CAIRO - Egypt's top TV satirist was pulled off the air on Friday, a week after he poked fun at the army chief who ousted Islamist President Mohamed Morsi in July.
The move is likely to raise further questions about authorities' commitment to freedom in a country stumbling in its political transition since autocrat Hosni Mubarak was ousted in a popular uprising in 2011.
Just before satirist Bassem Youssef's show The Program was due to start, an anchor from the CBC channel said the last episode had caused discontent on the street and violated editorial policy.
He said the channel had decided to suspend the show until editorial and commercial disputes with Youssef were resolved.
Youssef, known for his fierce jabs at Morsi, returned to his show last Friday following a summer break, poking equal fun at Army Chief General Abdel Fattah al-Sisi.
Referring to the ruler of the country, Youssef later displayed a projected image of Sisi before quickly swapping it with the image of the interim president, Adly Mansour.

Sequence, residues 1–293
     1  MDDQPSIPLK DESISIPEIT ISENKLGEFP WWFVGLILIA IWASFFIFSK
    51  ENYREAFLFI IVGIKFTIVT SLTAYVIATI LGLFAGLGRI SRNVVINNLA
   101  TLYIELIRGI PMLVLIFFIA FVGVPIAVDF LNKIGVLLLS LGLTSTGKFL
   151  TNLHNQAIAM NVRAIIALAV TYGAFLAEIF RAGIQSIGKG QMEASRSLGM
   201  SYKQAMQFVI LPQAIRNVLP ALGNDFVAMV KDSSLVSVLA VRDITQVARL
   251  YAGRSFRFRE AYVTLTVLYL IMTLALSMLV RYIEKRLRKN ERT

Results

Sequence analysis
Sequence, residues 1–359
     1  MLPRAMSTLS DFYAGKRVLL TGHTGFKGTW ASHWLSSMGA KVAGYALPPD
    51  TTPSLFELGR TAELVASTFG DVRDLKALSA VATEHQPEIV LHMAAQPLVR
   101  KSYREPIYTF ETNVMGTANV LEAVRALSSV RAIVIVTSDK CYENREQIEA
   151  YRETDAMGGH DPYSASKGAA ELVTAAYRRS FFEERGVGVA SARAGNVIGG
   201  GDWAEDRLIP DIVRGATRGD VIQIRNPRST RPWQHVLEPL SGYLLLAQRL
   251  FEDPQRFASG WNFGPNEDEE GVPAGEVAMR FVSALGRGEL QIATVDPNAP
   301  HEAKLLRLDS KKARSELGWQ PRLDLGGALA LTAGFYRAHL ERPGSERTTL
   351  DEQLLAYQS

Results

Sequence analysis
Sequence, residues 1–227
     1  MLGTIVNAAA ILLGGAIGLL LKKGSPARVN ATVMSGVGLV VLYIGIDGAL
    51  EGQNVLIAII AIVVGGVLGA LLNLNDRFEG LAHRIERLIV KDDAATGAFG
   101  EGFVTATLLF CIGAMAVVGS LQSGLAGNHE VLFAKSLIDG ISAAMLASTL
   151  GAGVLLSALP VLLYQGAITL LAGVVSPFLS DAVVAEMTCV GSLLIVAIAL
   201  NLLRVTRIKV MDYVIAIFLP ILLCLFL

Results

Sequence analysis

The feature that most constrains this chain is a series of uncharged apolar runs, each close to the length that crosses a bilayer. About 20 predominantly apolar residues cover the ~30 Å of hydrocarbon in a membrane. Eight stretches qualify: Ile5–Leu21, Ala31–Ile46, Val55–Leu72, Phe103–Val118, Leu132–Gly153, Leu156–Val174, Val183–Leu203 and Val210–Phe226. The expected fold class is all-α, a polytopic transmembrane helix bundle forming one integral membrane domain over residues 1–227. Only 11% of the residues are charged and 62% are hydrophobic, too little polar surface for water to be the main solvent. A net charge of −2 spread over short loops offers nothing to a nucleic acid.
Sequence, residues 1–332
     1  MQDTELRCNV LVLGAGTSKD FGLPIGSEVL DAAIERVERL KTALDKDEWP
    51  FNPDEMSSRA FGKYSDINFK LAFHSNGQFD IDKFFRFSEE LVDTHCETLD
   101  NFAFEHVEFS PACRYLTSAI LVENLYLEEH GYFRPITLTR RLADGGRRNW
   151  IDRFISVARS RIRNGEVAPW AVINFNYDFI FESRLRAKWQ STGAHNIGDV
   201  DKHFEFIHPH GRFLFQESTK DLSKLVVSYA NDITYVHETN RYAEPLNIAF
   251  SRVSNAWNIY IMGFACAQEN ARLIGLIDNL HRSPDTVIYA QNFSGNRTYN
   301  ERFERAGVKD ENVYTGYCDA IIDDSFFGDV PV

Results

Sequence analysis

He made extensive fun of the adulation of Sisi's admirers
"Sisi has turned into ... chocolate!" said Youssef, joking about the chocolate bars that have been molded into the defense minister's likeness in confectionary stores.
Youssef's criticism of Sisi was mild in comparison to the jokes he has aimed at Morsi, Egypt's first democratically-elected president.
He rose to fame with a satirical online show after the revolt that swept Mubarak from power. His program, which was later broadcast on Egyptian television, has been compared to the US satirical comedy "The Daily Show with Jon Stewart".
John Stewart praised host Bassem Youssef for taking risks to poke fun at Egypt's then ruling Islamists and others, when he appeared on Yousef's show last June. "If your regime is not strong enough to handle a joke," he said, "then you don't have a regime."
Political tensions are running high in Egypt just before Morsi and 14 other senior figures in the Muslim Brotherhood are due to face trial on Monday on charges of inciting violence.
Sisi announced a roadmap that would lead to free and fair elections when he toppled Morsi after mass protests against his rule.
Critics of the military say it is tightening its grip on power and returning the country to Mubarak's era of iron-fisted rule, an allegation it denies.
Hundreds of Brotherhood members have been arrested and its top leaders are behind bars. The movement, which won every election since Mubarak's fall, says the army's July action cannot be described as anything other than a coup.
The military says it was responding to the will of the people.